The Stourport Ring now heads north-west the New Main Line, built in 1825-9 by Thomas Telford, before turning southwards through Netherton Tunnel. Opened in 1858, this was the last canal tunnel built in Britain, and at 3,027 yards is the fourth longest navigable canal tunnel in country.

The light at the end of the tunnel is the wonderfully named Bumble Hole — formerly dotted with coalmines but now a Local Nature Reserve — where the Stourport Ring now follows the Dudley and Stourbridge canals, then the Staffordshire & Worcester Canal, en route to the River Severn.

The Dudley and Stourbridge canals were built to serve the local industries such as ironworks, coalmines and glassmaking, and a reminder of the region’s industrial heyday is soon passed: Red House Glass Works, a distinctive cone-shaped, 100-feet high kiln dating from 1788-94 which is now the home to a glassmaking heritage centre.

These days the canals are peaceful wildlife havens for bird species including chiffchaffs and willow warblers, coot and moorhens; in summer the wildflower-lined canal banks are buzzing with insects; and at dusk, bats flit up and down the waterways.

Moored up at Merry Hill (site of the former Round Oak steelworks), are novice canal boaters Jude Crighton and Mick Leadbetter (and Border collie Bronwen) who are enjoying their first journey round the Stourport Ring.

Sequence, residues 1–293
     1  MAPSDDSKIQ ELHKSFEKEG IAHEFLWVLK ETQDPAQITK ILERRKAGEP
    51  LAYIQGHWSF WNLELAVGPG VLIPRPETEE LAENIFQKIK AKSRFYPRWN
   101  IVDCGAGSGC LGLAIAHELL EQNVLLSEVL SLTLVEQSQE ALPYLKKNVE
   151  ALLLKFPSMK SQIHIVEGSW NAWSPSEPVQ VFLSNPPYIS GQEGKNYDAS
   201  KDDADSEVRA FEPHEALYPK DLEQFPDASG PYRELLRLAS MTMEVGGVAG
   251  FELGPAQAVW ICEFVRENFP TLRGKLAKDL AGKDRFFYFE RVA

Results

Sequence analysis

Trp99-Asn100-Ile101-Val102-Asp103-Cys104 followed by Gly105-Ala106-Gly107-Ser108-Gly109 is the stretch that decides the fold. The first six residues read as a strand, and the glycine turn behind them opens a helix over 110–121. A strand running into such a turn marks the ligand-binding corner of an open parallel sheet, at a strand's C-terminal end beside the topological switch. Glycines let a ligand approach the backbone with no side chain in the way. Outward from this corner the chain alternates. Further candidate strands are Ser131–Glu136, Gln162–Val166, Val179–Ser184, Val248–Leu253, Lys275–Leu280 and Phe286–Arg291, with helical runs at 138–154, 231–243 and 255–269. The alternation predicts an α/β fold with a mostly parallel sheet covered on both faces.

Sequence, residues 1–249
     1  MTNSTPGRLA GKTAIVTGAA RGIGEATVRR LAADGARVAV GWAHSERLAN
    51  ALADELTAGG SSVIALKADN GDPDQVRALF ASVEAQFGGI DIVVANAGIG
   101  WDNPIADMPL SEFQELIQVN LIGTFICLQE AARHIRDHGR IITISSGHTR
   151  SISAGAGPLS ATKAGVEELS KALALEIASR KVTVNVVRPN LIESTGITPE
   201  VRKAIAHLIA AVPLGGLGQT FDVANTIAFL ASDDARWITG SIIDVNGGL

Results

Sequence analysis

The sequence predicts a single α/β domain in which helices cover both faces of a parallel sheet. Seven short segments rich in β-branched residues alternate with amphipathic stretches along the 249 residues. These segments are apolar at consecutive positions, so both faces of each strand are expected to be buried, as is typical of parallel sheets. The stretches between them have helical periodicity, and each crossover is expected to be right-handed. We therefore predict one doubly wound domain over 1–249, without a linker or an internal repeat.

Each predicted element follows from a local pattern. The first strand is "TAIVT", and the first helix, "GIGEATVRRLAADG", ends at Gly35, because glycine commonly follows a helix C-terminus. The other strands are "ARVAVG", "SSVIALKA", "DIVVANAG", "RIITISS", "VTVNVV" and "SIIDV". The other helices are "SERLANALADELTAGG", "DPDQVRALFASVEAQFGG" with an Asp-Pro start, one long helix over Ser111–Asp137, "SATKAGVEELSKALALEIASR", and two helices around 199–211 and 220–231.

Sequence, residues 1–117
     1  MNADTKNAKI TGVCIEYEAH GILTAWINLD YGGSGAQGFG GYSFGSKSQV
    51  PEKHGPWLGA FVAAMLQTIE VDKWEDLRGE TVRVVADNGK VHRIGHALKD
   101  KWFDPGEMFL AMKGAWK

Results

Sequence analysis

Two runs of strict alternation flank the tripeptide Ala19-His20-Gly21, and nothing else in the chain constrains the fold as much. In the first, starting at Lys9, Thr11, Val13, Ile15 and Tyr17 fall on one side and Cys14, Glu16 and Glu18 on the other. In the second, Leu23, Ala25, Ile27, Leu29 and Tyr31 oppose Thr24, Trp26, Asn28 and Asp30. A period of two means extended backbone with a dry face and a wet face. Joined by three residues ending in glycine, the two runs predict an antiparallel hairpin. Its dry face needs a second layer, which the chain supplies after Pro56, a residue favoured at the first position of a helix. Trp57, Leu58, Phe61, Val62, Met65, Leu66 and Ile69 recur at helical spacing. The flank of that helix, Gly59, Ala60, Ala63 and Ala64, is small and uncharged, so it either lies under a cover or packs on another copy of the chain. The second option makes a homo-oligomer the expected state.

“It’s been a great experience,” Jude says. “When I fell into the canal trying to retrieve Bronwen, I felt like I had become a true boatswoman!”
“And I no longer count sheep at night,” Mick jokes, “I count locks.”

As real ale aficionados they will be making a pilgrimage to the nearby Vine pub (better known as Bull and Bladder), the brewery tap of Bathams, family brewers for five generations.

The Staffordshire & Worcestershire Canal, opened in 1772, was built by the pioneering canal engineer James Brindley as a ‘contour canal’; its sinuous course takes advantage of the local topography as we make our way southwards, through Kidderminster to Stourport on Severn.

Stourport Basins, linking the Staffs & Worcs with the River Severn, was part of Joseph Brindley’s ‘Grand Cross’ master plan to create Britain’s first national transport network, with canal networks linking the rivers Mersey, Trent, Severn and Thames, and thence to seaports and the international markets. The five canal basins (built between 1771 and 1812) transformed Stourport into one of the busiest inland ports in the country.

The three- or four-hour journey down the River Severn is not to be hurried. All too soon the approach to Worcester is marked by a magnificent view of the cathedral. The city is famous for Worcester Porcelain (first made here in 1751) and Lea & Perrins sauce (its secret recipe dating from 1837); was the site of the first and last battle in the Civil War; and is home to the tomb of King John (in the cathedral) and the world’s oldest surviving newspaper (Berrow’s Worcester Journal, first published in 1690).

Diglis Basins link the River Severn and the Worcester & Birmingham Canal, and the canal soon brings us back to Stoke Prior, and journey’s end.

Nick Worthington, Canal & River Trust waterway manager, says:
“The Stourport Ring is a wonderful example of a waterway that embraces beautiful countryside, vibrant cities and unique historic structures.”’

Tags: , , , , ,

Comments are closed.